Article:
Does your baby still sleep in your room? I moved my daughter to her crib at 3 weeks because of the noises she made at night. It kept me up all night. She loves her crib and we both sleep great now. Also try giving her some gas drops and see if that helps.

Hang in there, it gets better.



answers from Sacramento on

Congratulations on your new baby and sorry you are dealing with colic. I am have some suggestions for the colic as we also had a fussy baby to start off with. Things that worked for us, using a sling it really helps save your body and the babies love it as it makes them feel as though they are back in the womb. Once they have fallen asleep you can put them down in the sling without waking them up.

Gripe water is a saving grace, I found the baby bliss gripe water worked best and it would ease gas and constipation pains within 15 minutes.

A large exercise ball is great to sit on and bounce them and saves your knees. Bouncing quite vigorously while patting their back and saying "sush-sush-sush" pause "sush-sush-sush" in rhythm also helps a lot. You can be quite loud and quite vigorous.

White noise such as a hair dryer works for some colicy babies.

I had my baby worked on by a chiropractor as birth trauma can cause colic. This is mentioned in the La Leche League book several times. There was an immediate improvement and I would recommend Dr Marc Ross in Davis.

I know it is little consolation but it is true what everyone says "this too shall pass".

Good luck and know that your baby will thank you later for giving her so much love now even when you would rather be asleep.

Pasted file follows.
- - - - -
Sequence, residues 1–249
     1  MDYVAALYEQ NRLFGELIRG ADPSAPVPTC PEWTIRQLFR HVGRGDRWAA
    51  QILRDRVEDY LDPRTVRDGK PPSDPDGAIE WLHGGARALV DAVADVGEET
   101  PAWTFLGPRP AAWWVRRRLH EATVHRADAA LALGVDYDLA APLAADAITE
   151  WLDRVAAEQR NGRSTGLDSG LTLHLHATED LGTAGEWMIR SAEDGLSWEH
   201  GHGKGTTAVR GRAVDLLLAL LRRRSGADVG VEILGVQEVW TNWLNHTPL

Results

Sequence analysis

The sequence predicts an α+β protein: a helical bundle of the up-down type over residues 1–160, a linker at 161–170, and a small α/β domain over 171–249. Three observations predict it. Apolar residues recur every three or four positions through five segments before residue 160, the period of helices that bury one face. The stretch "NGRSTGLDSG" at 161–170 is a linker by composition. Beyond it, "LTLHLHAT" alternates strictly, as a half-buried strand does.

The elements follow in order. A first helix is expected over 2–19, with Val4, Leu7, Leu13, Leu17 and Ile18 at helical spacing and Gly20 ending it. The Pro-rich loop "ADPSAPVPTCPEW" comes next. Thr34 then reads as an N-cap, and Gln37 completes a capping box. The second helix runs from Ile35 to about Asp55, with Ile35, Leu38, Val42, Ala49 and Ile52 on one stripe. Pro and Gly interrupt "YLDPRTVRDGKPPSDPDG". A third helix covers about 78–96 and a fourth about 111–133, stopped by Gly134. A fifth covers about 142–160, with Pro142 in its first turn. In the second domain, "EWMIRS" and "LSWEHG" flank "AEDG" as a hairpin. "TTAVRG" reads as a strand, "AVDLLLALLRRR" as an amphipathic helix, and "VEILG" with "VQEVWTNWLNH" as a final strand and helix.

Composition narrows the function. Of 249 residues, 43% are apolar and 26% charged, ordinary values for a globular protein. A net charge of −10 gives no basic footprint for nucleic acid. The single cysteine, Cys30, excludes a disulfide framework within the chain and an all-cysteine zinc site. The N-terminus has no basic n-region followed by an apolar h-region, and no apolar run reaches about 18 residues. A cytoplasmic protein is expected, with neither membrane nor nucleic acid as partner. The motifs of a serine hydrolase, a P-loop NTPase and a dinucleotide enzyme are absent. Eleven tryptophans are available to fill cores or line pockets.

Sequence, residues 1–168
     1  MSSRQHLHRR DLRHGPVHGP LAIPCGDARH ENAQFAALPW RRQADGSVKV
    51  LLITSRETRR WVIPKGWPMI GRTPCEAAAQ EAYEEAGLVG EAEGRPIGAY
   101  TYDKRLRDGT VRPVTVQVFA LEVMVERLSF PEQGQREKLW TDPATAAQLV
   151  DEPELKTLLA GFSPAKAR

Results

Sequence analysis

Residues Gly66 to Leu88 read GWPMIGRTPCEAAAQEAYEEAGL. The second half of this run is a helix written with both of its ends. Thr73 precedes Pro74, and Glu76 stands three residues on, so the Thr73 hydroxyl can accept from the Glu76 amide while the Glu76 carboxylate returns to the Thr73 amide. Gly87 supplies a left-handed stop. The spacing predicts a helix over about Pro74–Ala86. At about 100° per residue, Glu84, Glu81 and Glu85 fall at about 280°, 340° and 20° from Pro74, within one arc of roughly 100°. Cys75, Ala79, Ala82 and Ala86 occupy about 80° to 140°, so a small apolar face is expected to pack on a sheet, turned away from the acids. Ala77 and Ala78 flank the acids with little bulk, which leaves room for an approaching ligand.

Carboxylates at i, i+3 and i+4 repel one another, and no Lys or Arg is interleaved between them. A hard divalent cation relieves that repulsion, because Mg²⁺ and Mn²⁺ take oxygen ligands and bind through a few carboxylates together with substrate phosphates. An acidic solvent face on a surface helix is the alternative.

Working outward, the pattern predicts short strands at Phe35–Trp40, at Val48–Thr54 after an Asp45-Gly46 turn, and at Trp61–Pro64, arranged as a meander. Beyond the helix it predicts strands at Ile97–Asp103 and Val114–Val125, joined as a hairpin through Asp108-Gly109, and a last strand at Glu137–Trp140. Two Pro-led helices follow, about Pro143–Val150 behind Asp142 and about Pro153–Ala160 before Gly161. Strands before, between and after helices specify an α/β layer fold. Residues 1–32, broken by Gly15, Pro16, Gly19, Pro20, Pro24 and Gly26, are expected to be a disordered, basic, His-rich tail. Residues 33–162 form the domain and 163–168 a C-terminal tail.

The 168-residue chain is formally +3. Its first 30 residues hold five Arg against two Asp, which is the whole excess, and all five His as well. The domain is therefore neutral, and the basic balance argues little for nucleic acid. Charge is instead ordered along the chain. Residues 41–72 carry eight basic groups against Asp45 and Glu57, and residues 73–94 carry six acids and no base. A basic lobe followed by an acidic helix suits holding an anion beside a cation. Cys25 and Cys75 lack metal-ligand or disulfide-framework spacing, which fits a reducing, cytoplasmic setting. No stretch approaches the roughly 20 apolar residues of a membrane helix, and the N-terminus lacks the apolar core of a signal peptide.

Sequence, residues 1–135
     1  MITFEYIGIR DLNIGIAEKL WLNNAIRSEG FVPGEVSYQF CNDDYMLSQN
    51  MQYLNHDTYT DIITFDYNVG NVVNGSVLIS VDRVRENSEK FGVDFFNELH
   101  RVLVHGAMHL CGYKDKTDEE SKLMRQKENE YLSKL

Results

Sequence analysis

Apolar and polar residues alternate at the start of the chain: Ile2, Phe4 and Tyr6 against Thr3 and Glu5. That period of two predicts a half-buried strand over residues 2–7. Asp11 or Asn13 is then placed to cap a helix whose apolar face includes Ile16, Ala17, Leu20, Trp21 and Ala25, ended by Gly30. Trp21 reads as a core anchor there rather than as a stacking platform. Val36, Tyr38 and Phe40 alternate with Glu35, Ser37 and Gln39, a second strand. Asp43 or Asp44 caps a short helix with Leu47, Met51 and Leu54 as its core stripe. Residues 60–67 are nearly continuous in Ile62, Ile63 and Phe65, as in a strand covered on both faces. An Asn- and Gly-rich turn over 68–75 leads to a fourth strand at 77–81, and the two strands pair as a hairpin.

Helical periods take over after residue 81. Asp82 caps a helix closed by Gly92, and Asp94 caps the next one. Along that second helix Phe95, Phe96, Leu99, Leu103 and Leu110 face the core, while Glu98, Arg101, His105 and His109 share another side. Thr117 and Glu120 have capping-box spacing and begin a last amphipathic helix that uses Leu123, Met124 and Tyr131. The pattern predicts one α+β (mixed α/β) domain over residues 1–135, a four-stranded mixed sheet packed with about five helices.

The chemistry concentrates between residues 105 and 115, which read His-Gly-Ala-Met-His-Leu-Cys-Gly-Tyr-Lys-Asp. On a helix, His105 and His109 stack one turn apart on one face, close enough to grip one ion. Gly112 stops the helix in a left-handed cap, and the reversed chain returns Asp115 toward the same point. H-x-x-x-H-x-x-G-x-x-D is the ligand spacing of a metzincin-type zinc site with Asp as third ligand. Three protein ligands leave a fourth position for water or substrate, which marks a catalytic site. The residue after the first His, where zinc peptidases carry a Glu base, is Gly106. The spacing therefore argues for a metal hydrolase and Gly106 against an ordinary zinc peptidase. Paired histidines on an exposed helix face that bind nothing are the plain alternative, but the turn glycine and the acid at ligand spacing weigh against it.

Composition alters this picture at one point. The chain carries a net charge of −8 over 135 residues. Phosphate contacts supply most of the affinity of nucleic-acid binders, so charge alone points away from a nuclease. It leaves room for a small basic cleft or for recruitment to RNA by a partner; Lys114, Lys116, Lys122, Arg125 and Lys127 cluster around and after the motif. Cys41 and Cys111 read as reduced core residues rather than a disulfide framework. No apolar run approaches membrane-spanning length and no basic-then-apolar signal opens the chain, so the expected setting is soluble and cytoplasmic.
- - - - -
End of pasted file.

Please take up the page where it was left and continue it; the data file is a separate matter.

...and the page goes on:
answers from Sacramento on

I'm sorry to hear that you are not getting the sleep you deserve. I remember when my 7 year old was a baby her dad and I would take turns waking up with her. Whoever's turn it was would pick her up and leave the bedroom until she was ready to go back down. This way both of us got the sleep we deserved. I have no experience with a baby having to be held so much as my child was not like that. Altough, she did have alot of gas, I think because I fed her formula instead of breastmilk. I remember burping her and if that didn't work I'd give her gas drops. The gas drops were a life saver...


answers from Stockton on

H. ~ I have an 8 week old baby, and 2 other kids ages 6 & 7. With the first two kids, I used the book "Babywise" - it was awesome. We recently moved and the book was packed up somewhere and I couldn't find it, I was going nuts doing the same thing as you and not getting any rest. I finally got anothere copy of the book, and things are MUCH better now! It is great for getting your baby on a schedule, and they sleep through the night much faster in my experience. It took less than a week of doing the things suggested in the book and my daughter was sleeping for 5 - 6 hours at night, and then within another week 8 - 9 hours. It is so nice to get some extended sleep! For the gas, I lay her on her back on a blanket on the floor and then I sit at her feet and put her feet up to her belly gently - it helps with the gas, and she really likes it. I also learned with my first child at a parenting class that I took on infant massage one that I remember and it is for colic. You lay them on their back, and then you use both hands and gently rub their tummy in a clockwise motion, so one hand would start at the bottom, the other at the top of her belly and then move them at the same time....since both of these things help with gas and tummy pain, I usually put her on the ground and do her legs for a bit, then her tummy, then her legs also helps to give my back a bit of a break! Good Luck -